Anger Management

Your guide to anger management

What is anger management?

In psychotherapy, anger management is a means of helping people to recognise the warning signs of anger and to find ways of preventing them from developing any further. At its simplest, an example might be counting slowly to ten when we begin to become frustrated with a situation so that we don't lash out unnecessarily quickly. However, such homespun ideas have been developed by therapists into much more tailored programmes designed to help people who become angry. Essentially, contemporary anger management therapy boils down to helping people to identify why they may feel powerless, frustrated or thwarted and to take action regarding the root cause rather than simply giving in to feelings of anger. As such, it tends to be tailored to the individual or group receiving the therapy.

  What types of anger management are there?

There are plenty of ways that psychologists have found that are helpful in anger management. One of the most widely used is cognitive behavioural therapy, or CBT, which aims to challenge certain mindsets and to change attitudes. So-called positive mentalisation is another popular technique that is frequently used in schools. Simply put, it seeks to make people feel happier about themselves so that they are less likely to become angry in social situations. Journal therapy is another method that some psychologists recommend. In this, angry and frustrated thoughts and emotions are committed to paper rather than being dished out on others. In some cases, psychotropic medications are offered, as well.

Why might you need anger management therapy?

Anyone who suffers from bouts of anger or losing their temper can benefit from an anger management class. People who may have experienced trauma or who were exposed to anger in childhood often find it harder to control their tempers and, therefore, will usually find such therapies of use in their daily lives.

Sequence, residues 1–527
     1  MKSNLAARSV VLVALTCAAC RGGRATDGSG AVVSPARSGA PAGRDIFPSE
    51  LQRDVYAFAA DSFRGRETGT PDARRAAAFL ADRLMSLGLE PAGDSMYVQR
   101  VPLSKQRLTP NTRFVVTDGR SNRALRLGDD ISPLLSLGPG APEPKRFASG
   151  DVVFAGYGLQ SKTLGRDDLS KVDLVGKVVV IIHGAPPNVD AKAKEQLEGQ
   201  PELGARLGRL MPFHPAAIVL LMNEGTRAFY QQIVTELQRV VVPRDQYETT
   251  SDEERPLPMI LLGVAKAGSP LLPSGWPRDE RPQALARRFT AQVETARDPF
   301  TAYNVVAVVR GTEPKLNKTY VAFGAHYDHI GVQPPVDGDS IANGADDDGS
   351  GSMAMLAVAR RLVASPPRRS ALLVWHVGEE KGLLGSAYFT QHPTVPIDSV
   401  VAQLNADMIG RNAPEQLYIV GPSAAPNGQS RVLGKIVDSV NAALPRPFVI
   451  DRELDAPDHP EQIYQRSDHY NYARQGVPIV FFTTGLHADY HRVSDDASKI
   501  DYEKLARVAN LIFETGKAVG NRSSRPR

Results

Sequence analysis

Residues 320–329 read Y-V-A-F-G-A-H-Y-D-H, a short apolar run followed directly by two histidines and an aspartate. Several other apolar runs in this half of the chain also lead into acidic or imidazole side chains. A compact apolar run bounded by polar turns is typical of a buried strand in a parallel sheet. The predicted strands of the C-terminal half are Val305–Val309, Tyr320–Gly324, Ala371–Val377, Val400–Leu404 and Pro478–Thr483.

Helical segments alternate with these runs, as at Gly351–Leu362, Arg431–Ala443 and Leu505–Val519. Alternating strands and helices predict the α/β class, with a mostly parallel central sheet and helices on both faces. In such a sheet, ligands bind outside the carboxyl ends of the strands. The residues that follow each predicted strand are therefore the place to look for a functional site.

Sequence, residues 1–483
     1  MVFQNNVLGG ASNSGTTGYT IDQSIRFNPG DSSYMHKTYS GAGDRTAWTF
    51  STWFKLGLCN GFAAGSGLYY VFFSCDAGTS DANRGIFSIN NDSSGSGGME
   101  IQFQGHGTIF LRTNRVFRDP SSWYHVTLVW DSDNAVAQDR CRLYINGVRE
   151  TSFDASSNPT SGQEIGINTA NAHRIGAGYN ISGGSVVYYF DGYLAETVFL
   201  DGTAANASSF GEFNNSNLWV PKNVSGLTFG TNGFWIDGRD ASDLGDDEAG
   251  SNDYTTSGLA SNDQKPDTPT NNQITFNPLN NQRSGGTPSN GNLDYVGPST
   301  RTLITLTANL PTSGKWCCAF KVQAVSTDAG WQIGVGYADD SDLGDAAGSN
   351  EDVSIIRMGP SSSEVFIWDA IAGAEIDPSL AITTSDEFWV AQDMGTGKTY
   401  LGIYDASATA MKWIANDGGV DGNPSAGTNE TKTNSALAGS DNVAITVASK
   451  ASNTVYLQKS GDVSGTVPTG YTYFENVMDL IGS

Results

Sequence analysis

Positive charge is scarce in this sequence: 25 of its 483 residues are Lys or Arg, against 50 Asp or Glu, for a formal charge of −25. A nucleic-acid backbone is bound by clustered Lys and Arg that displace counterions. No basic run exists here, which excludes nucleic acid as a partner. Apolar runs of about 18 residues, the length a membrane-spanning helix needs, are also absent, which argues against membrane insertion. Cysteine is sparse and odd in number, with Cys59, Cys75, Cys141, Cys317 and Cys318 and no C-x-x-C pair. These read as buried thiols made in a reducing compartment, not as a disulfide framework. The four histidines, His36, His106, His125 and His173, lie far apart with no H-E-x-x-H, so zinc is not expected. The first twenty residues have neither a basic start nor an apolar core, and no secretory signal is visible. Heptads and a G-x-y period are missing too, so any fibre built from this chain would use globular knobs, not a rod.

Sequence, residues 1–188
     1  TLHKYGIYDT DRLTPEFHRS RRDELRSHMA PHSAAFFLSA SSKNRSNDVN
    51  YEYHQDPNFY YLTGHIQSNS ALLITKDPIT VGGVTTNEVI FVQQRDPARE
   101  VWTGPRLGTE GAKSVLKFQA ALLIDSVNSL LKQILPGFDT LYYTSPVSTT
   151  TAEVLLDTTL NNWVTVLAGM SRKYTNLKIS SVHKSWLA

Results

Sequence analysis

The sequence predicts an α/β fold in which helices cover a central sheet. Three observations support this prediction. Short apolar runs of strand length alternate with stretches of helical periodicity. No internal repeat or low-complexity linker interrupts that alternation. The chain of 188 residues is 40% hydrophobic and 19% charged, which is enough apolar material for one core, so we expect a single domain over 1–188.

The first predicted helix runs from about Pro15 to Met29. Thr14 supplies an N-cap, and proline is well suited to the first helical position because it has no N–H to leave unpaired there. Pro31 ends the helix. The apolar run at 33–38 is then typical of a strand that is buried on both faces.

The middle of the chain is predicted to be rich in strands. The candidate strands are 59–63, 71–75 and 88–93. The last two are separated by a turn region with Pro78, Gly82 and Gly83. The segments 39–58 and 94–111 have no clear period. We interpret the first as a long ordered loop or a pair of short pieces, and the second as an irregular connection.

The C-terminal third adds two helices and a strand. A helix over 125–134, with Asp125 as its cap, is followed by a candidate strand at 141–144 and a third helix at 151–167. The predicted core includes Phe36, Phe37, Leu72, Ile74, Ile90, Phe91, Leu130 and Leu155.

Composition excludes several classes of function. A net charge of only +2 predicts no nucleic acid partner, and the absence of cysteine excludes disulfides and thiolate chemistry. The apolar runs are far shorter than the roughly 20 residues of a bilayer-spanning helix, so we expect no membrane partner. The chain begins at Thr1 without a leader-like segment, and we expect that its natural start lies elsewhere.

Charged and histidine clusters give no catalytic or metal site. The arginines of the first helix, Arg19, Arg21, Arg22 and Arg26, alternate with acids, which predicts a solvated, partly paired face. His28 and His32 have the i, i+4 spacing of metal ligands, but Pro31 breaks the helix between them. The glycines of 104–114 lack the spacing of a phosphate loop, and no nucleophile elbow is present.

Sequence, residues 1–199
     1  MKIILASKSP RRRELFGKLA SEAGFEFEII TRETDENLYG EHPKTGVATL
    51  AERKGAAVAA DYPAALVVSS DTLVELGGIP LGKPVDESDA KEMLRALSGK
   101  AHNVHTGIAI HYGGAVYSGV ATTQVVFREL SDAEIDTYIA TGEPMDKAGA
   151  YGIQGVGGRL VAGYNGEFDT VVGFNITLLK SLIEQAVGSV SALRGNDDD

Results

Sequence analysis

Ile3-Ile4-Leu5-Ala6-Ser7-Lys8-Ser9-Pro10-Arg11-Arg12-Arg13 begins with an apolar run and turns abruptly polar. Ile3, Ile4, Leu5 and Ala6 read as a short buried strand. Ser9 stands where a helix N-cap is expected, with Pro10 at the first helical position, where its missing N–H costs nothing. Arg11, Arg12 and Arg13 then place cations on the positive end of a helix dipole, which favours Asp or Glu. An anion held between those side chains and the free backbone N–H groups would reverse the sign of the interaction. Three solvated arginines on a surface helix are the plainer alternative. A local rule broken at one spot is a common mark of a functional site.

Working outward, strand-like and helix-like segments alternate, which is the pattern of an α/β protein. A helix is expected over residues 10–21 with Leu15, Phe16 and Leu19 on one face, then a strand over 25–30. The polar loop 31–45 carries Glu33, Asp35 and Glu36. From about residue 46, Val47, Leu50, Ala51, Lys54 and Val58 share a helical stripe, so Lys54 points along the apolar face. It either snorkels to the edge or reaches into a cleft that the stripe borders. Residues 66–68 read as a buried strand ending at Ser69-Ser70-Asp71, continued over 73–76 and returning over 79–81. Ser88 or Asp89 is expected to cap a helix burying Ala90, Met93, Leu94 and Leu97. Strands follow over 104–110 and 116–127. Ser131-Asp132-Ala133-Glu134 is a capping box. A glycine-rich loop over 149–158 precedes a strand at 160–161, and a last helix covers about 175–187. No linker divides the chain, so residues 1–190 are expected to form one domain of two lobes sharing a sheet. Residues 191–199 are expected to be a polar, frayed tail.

Can yoga help anger management?

On its own, yoga has no known scientific effect on people who have above average angry feelings. However, any form of exercise can help to release the sorts of endorphins in the body that can lower levels of stress, so it is a good idea, nevertheless. Insofar as yoga can lead to a deeper spiritual understanding beyond its physical activity, it certainly will help people to manage their emotions more mindfully.

Who tends to need anger management classes?

Anyone who responds poorly to being frustrated with extreme levels of anger can benefit from the various therapies on offer. Many children and adolescents undergo anger management to help them cope with the stresses of school and growing up. Where adults need it, there can be some groups that particularly stand out. For example, substance abusers will often seek anger management courses as can people who have behaved in violent or criminal ways. It has also been used to help people suffering from post-traumatic stress disorders successfully, too.

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A talking therapy that is sometimes referred to as an intervention, cognitive behavioural therapy is based on several psycho-social theories. Sometimes referred to as CBT for short, cognitive behavioural therapy aims to challenge people in their thoughts, especially ones that have become cognitively distorted in some way, either through habit, belief systems or erroneous attitudes. By talking about such thoughts and challenging them in a secure environment, therapists try to alter the way patients think which can often include attitudes to themselves. Cognitive behavioural therapy was first developed to help people suffering from chronic depression. Still, it has since been adapted to treat people with other mental health conditions, such as anxiety and even psychosis and bipolar disorder.
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